Indeed, extreme inequality helped cause the Great Depression, the current financial crisis … and the fall of the Roman Empire.
It’s not just liberal economists who say this … many conservatives say the same thing.
This entry was posted in Business / Economics, Politics / World News. Bookmark the permalink.

Dollar Collapse Update: Bank of England Closes In On China Currency Deal, Fed Downplays New Bubble Worries And Already Planning QE5, G20 & IMF Push for Global Fed, Global Currency, And World’s Largest Gold Storage Dumping US Customers!!

Bank of England closes in on China currency deal

Sir Mervyn King, Governor of the Bank of England, is on the brink of striking a deal with the People’s Bank of China which would cement the UK’s role as the leading G7 trade hub for the world’s fastest growing currency.
The Bank of England expects to sign a final agreement to set up a three-year yuan-sterling swap line “shortly”, during a meeting between Sir Mervyn and his counterpart Zhou Xiaochuan in Beijing.
European and US officials have been pressing China for years to do more to open up the yuan to market forces, saying its artificial weakness was one of the key imbalances of the global economy.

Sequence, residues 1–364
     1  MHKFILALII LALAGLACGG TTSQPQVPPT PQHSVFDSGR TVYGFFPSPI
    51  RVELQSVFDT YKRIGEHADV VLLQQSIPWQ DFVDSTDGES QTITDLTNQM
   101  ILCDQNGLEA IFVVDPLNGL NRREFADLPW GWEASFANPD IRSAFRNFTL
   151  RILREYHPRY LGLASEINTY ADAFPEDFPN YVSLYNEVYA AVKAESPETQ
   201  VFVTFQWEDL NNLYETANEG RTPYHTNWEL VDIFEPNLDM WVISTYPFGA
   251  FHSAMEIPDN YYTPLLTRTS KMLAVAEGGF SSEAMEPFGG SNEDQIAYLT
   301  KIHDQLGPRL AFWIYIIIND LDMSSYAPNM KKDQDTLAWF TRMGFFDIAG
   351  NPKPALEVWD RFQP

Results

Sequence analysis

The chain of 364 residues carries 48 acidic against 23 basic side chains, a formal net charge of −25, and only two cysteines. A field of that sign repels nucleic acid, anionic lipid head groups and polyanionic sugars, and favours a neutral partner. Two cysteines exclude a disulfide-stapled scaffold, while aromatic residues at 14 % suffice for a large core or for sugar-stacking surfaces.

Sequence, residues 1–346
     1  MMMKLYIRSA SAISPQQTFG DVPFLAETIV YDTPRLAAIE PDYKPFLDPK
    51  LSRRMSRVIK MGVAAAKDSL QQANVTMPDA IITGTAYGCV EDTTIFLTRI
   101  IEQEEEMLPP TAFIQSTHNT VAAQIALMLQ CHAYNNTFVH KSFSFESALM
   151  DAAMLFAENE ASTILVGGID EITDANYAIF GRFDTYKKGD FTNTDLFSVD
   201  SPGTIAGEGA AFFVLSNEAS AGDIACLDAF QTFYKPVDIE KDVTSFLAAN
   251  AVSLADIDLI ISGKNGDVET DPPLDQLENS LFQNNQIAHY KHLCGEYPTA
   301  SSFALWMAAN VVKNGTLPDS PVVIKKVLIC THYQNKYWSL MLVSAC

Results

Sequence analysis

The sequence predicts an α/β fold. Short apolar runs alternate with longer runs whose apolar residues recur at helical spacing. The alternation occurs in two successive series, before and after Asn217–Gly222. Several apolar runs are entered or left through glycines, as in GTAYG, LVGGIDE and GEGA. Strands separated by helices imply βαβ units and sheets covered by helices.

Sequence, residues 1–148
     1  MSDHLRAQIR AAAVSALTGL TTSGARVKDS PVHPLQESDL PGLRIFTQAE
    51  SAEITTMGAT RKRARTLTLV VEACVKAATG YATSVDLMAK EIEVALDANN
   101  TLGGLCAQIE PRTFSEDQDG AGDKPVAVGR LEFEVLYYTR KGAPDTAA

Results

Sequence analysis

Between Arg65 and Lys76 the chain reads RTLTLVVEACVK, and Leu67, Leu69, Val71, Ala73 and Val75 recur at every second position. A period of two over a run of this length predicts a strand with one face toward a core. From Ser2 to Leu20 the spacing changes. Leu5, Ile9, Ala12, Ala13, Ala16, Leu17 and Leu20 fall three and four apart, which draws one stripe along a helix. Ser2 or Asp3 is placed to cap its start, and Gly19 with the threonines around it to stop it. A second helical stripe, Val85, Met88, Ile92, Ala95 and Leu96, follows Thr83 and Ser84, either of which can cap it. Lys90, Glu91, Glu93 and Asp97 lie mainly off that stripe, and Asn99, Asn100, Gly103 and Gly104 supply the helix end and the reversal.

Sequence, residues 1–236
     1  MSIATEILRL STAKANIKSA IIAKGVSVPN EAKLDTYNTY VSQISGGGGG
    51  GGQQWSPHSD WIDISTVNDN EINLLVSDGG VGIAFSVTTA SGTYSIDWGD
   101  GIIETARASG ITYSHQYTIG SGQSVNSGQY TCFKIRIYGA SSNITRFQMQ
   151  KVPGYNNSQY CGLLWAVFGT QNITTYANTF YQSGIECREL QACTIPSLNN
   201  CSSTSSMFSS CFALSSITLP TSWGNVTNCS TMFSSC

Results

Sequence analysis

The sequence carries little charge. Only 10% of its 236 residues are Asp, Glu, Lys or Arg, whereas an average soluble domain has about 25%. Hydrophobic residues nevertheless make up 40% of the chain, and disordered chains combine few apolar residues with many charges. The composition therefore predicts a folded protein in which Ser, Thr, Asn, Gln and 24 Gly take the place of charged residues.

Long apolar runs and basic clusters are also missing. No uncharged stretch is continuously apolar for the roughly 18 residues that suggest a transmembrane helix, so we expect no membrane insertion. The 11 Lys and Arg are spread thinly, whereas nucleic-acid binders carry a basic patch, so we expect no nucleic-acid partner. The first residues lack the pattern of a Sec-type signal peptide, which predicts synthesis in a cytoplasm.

Beijing is slowly delivering, although it still keeps a tight rein on gains for the currency for fear it will weaken its export-powerhouse economy, which has been the biggest engine of global growth for a decade.

Fed Downplays New Bubble Worries And Planning QE5

Bernanke downplays new bubble worries
Federal Reserve Chairman Ben S. Bernanke minimized concerns that the central bank’s easy monetary policy has spawned economically-risky asset bubbles in comments at a meeting with dealers and investors this month, according to three people with knowledge of the discussions.
The people, who asked not to be identified because the talks were private, said Bernanke made the remarks at a meeting in early February with the Treasury Borrowing Advisory Committee. Fed spokeswoman Michelle Smith declined to comment.
The Fed chairman brushed off the risks of asset bubbles in response to a presentation on the subject from the group, one person said. Among the concerns raised, according to this person, were rising farmland prices and the growth of mortgage real estate investment trusts. Falling yields on speculative- grade bonds also were mentioned as a potential concern, two people said.